I have grown up living a life where the majority of the things I want to do- I am capable of doing without a second thought. Going to India and stepping foot into Mamta School made me realize something I had not been able to realize in the 19 years I've been living. What I realized is that it does not take money and time to get things accomplished- you just have to have the will power to get it done.
Stepping out of the car, and having a storm of kids run up to me, touching my feet and welcoming me to their world warmed my heart. These kids are the epitome of strength. They laugh and enjoy life more than I probably did when I was their age. I have always been concerned with the things that I do not have, instead of appreciating the things that I do. The Mamta School kids get together with no toys and make their own games. For a blind girl to dance, for a handicapped child to participate in a play takes courage and self-confidence. Feeding one of the kids with my own hand made me forget that I had forgotten to eat. Feeding him and seeing him satisfied made me happy (In the Indian culture, feeding someone with your hand is a sign of love and care).
They taught me a lesson that will stay with me for the rest of my life. If I want to accomplish something, all I have to do is tell myself that I can do it. The world will come to my feet if I believe in myself. The kids at Mamta School live it everyday. They are little angels and I respect them and their ability to fight and to live with what we would consider to be so little. They are truly amazing and have changed the way I now look at the world.
Co-President of the Aahana University of South Florida Chapter
Yesterday, we decided to visit Mamta School one last time. The kids will be doing a performance at a local show tomorrow, so they decided to do a rehearsal show for us. As the kids performed the play and their dances that they had worked so hard on, I was taken aback to how far they have come. How far Aahana has come!
Despite their difficult backgrounds, the kids live everyday with a smile on their face. As we were leaving, Mamta School's principal, Jayantikaka said, "Their difficult lives before Mamta School are unrecognizable. It is as if they have covered their pains with nothing but happiness".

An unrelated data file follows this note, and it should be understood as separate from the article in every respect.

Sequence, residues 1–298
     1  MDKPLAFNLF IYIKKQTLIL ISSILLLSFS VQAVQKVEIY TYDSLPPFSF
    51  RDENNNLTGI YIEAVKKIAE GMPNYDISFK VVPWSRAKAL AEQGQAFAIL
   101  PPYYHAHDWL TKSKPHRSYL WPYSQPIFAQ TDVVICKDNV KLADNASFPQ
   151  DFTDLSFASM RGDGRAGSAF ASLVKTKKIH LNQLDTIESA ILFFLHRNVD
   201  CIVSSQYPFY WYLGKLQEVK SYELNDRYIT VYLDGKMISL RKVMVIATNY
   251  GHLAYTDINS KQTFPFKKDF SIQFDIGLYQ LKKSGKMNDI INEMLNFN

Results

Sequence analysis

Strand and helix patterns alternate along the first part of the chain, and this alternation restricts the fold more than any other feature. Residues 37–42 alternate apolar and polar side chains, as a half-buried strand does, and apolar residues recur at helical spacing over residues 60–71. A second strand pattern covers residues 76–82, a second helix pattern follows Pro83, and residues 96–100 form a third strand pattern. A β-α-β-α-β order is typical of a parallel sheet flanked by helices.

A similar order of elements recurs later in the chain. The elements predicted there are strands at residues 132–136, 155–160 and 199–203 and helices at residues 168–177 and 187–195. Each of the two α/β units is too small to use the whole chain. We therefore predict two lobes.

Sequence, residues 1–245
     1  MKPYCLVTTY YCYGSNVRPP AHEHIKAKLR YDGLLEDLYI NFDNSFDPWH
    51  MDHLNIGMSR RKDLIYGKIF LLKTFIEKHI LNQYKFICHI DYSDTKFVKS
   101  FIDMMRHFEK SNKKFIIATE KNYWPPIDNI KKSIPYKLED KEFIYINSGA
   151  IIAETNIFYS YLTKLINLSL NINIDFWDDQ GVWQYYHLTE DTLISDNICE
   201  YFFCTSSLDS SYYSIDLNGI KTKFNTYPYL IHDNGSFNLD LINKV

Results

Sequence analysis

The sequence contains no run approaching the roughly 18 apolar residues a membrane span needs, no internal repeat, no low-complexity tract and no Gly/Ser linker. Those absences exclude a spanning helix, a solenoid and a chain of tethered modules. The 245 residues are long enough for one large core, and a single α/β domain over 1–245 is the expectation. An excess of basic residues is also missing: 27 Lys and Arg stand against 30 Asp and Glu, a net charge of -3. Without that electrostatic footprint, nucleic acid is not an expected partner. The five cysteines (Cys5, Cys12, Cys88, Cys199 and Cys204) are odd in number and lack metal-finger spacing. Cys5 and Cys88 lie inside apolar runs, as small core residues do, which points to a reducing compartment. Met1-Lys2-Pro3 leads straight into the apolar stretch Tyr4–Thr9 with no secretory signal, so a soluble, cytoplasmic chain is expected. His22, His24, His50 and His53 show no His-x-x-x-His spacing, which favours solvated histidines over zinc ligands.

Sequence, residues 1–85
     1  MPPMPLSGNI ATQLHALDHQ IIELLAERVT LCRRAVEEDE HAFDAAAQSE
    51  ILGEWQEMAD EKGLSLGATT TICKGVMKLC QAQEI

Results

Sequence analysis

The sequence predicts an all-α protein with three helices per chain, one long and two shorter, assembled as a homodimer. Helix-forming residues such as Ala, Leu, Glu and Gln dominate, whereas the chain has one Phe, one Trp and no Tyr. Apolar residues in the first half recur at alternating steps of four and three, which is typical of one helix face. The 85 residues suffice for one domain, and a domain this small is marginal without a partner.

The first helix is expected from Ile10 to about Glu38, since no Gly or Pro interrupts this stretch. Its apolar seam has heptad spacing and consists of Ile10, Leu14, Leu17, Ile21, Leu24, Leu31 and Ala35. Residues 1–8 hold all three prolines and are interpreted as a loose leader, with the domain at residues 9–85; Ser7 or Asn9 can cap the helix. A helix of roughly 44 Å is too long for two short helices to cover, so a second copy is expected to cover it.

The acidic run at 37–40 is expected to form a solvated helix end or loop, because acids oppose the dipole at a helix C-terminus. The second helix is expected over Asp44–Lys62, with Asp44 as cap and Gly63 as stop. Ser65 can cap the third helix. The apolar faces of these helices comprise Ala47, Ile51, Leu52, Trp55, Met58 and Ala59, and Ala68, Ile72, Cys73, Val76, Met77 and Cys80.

His statement has stayed with me and made me realize Aahana's impact on these children is great and will grow to become greater day by day.
As our second official Aahana trip comes to a close, I wanted to announce that Aahana is now a government recognized 501(c)3 non-profit organization.
This is a great milestone for us and we couldn't have imagined being in a better place when it happened.
As always, we thank each and every person who has decided to join us on our journey to a better future for these children!
Usha has talked about family quite a bit in the past few days. Yesterday I was on my laptop, catching up on some work I needed to get done. Usha was close by, watching me, and waiting to listen to music or lean more about computer. I told her to give me some time so she picked up a newspaper and started to try to read it. A few minutes later, I asked if she wanted me to help her learn to recognize a few letters in the Gujarati alphabet. It was a slow start, but she picked it up very quickly. Within 30 minutes she could recognize and write a few of of the letters.
It takes a lot of reminding to remember that she is only 9 or 10 years old. Because she is always caring for her 3 younger sisters, she comes off as if she has a family of her own. After she completes her work for the morning, she hurries back home to her mother who is now pregnant for the 8th time. Despite her height and her small stature, I often forget she is only around 9 years old. keep thinking she is much older than 9 or 10.
It has been a few days since I last blogged. In the past couple of days we have had meetings with the trustees and solidified the plans to build the new school. Tomorrow, we will survey the land and start to build the floor plans.
About two days ago, I met with a few of the girls I mentioned in my blog post last year (Check out the blog post here